investigating Sandia Casino or Miskovich's allegations.
The state board inspected two Indian casinos recently and is
scheduled to inspect Sandia Casino at the end of the month.
A telephone call to the National Indian Gaming Commission was not
There are three levels of oversight for Indian casinos -- a tribal
gaming commission, the state gaming board and the National Indian
Gaming Commission." The Journal didn't mention that there are
only a handful of federal investigators, and that the state does
virtually nothing to regulate tribal gambling.
The article continues, "The state gaming board's regulatory
authority was established by the gaming compacts, which are being
renegotiated. The tribes and the state are in arbitration over the
'This (the allegations) comes at a very difficult time for us,'
Poston said. 'We are in the middle of negotiating new compacts.'
Jessup said Sandia in recent months has been slow in forwarding
employee background investigations to the state board.
'We have sent them a letter about this,' Jessup said.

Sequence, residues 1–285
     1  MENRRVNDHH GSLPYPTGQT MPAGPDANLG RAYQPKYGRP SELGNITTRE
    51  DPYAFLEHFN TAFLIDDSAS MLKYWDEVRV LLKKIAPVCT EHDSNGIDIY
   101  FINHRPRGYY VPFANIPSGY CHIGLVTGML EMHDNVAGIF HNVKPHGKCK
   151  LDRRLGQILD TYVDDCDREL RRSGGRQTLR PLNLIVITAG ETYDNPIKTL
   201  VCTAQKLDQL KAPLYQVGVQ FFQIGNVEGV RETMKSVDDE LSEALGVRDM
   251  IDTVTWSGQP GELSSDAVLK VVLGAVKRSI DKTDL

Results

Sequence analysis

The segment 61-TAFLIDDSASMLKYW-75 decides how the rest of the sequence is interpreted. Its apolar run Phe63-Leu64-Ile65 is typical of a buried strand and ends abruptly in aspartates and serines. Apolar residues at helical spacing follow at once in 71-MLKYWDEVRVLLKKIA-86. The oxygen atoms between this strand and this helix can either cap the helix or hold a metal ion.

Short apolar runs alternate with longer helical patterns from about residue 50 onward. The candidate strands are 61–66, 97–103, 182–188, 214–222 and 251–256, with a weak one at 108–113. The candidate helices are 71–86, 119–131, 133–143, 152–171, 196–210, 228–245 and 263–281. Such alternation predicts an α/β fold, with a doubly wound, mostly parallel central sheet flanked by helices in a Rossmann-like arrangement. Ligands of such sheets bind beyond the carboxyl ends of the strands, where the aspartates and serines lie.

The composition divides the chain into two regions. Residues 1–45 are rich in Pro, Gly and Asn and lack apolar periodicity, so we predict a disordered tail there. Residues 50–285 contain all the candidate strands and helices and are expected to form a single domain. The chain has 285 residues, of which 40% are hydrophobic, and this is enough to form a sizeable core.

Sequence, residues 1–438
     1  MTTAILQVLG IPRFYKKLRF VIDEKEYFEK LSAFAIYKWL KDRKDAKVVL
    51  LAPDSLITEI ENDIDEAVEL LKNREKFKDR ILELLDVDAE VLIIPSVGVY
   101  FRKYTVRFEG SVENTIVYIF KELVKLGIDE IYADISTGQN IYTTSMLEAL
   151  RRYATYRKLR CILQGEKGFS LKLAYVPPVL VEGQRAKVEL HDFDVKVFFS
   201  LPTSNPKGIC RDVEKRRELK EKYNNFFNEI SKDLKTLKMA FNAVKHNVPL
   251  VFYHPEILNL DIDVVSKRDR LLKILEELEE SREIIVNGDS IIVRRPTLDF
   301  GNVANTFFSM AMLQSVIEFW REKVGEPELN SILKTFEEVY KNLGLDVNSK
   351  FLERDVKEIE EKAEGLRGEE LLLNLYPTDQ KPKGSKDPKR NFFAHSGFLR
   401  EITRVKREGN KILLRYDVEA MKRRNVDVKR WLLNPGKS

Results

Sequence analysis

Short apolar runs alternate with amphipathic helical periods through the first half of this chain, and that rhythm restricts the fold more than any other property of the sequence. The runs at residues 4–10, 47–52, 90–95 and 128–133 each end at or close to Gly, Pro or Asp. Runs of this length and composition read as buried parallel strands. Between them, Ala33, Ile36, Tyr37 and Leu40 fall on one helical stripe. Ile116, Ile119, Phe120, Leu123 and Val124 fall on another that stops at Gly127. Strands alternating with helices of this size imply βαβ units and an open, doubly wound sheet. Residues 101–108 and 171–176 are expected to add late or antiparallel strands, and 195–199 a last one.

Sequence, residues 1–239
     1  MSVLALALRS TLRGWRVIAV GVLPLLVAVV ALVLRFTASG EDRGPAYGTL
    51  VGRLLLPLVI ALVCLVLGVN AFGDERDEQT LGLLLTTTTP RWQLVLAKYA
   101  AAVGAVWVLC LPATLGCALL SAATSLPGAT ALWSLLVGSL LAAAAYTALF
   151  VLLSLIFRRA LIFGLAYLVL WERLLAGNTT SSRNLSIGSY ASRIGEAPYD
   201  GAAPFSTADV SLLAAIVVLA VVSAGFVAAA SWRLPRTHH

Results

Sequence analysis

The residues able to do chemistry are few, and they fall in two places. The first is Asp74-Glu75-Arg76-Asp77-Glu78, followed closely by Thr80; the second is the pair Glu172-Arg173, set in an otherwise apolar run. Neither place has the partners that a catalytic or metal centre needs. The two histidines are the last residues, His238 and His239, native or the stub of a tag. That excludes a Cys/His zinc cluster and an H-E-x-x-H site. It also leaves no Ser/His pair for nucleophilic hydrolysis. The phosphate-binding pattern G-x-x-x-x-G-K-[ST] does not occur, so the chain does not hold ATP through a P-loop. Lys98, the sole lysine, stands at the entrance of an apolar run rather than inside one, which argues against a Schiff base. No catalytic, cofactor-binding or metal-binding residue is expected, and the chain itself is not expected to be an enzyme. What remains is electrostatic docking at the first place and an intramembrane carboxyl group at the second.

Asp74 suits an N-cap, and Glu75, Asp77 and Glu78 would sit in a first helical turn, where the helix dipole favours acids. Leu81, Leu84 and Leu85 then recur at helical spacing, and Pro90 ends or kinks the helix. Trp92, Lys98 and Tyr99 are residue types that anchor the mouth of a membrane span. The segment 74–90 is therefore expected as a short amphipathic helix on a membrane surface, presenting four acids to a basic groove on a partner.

'We've been having a similar situation with other Indian casinos,'
she said. "Tribes say they are concerned about the
confidentiality of any records they turn over to us.'
Poston confirmed the tribe received a notice of possible violation
from the National Indian Gaming Commission last year over the way
criminal history information was being handled.
'We responded right away with corrective plans,' Poston
As with all of
the revelations of casino corruption that have surfaced because of
internal conflicts in the Sandia, the Santa Anna, the Jicarilla
and the Mescallero casinos, there has been NO information that has
been released about investigations by federal or state
authorities, and all of the alleged wrongdoings have gone